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Trouble applying the concept of momentum conservation

  1. Oct 11, 2008 #1
    [​IMG]

    I am having trouble applying the concept of momentum conservation to this problem. The particular problem I am having is in figuring out if I did part (c) correctly.

    A look at Puck A:

    It is evident that total the momentum is conserved before the collision because the external forces acting on the pucks (the normal force exerted by the ground on the puck and the weight of the puck) both add up to zero. Therefore, according to definition, the total momentum is conserved.

    However, the specific text I am referencing for this material states that "conservation of momentum means conservation of its components." Yet, the momentum vector before collision is .400i + .300j and the momentum vector after collision is .300i + .400j. The components of these two vectors are not equal, so does that suggest that momentum ISN'T conserved?

    Part (c):

    Could you assume that if the total momentum is conserved, you can solve for the final velocity of Puck B by setting (m)(v_1x) = (m)(v_2x) and (m)(v_1y) = (m)(v_2y)? This would give you the exact x and y components of initial Puck B velocity, including the signs. However, the magnitude would still remain the same and agrees with the assumption.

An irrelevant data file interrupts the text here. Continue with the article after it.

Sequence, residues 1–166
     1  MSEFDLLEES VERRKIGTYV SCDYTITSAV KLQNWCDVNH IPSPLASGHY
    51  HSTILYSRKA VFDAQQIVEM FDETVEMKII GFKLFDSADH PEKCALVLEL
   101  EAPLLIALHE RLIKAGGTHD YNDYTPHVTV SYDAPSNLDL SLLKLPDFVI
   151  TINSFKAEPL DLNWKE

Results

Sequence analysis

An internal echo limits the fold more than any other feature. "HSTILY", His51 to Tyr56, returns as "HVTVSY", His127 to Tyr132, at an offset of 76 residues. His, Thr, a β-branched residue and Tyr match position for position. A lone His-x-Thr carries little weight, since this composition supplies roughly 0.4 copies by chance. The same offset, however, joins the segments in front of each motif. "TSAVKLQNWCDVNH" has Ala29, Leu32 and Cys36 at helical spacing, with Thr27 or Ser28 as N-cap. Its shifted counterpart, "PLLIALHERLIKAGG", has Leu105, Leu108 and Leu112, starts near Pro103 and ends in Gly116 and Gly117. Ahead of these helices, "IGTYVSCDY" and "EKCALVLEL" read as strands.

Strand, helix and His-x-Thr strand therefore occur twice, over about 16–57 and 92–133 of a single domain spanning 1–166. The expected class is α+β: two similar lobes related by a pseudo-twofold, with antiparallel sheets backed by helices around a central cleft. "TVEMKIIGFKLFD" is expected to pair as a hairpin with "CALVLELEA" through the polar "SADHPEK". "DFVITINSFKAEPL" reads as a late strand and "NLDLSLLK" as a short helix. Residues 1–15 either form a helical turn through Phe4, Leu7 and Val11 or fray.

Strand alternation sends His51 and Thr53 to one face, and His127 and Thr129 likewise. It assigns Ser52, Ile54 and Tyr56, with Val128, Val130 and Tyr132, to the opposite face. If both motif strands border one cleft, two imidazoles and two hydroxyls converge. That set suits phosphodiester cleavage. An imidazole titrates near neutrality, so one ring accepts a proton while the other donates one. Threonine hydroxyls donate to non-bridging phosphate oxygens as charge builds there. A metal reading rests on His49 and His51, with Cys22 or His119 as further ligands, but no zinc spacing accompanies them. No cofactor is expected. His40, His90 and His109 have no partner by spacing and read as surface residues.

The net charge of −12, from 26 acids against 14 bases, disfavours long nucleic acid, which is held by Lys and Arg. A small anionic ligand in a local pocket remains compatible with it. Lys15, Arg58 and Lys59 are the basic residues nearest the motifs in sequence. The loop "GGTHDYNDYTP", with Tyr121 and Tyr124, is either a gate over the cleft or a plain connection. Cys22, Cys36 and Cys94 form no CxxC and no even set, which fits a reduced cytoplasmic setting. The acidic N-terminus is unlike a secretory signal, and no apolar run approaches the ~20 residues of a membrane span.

Any help would be greatly appreciated.
     
    Last edited by a moderator: Jan 7, 2014
  2. jcsd
  3. Oct 11, 2008 #2
    Re: Conservation of Momentum

    Momentum is conserved, it's just that some of the momentum has been passed off to the other puck. The net momentum in each dimension will always be the same (in this example).

    So sum up the total momentum in each plane, subtract final momentum of puck A from this, you get final momentum for puck B.
    Take the magnitude of this for final momentum, divide by mass for final velocity.
     
  4. Oct 11, 2008 #3
    Re: Conservation of Momentum

    Alright, that seems a lot more straightforward. Thanks a lot. :D
     
  5. Oct 11, 2008 #4
    Re: Conservation of Momentum

    Not necessarily.
    Because both pucks have identical mass, it is infact possible to say that the final velocity of the system in each dimension is the same as the initial. But you cannot simply say the final velocity of each puck is the same as initial (in each dimension).
     
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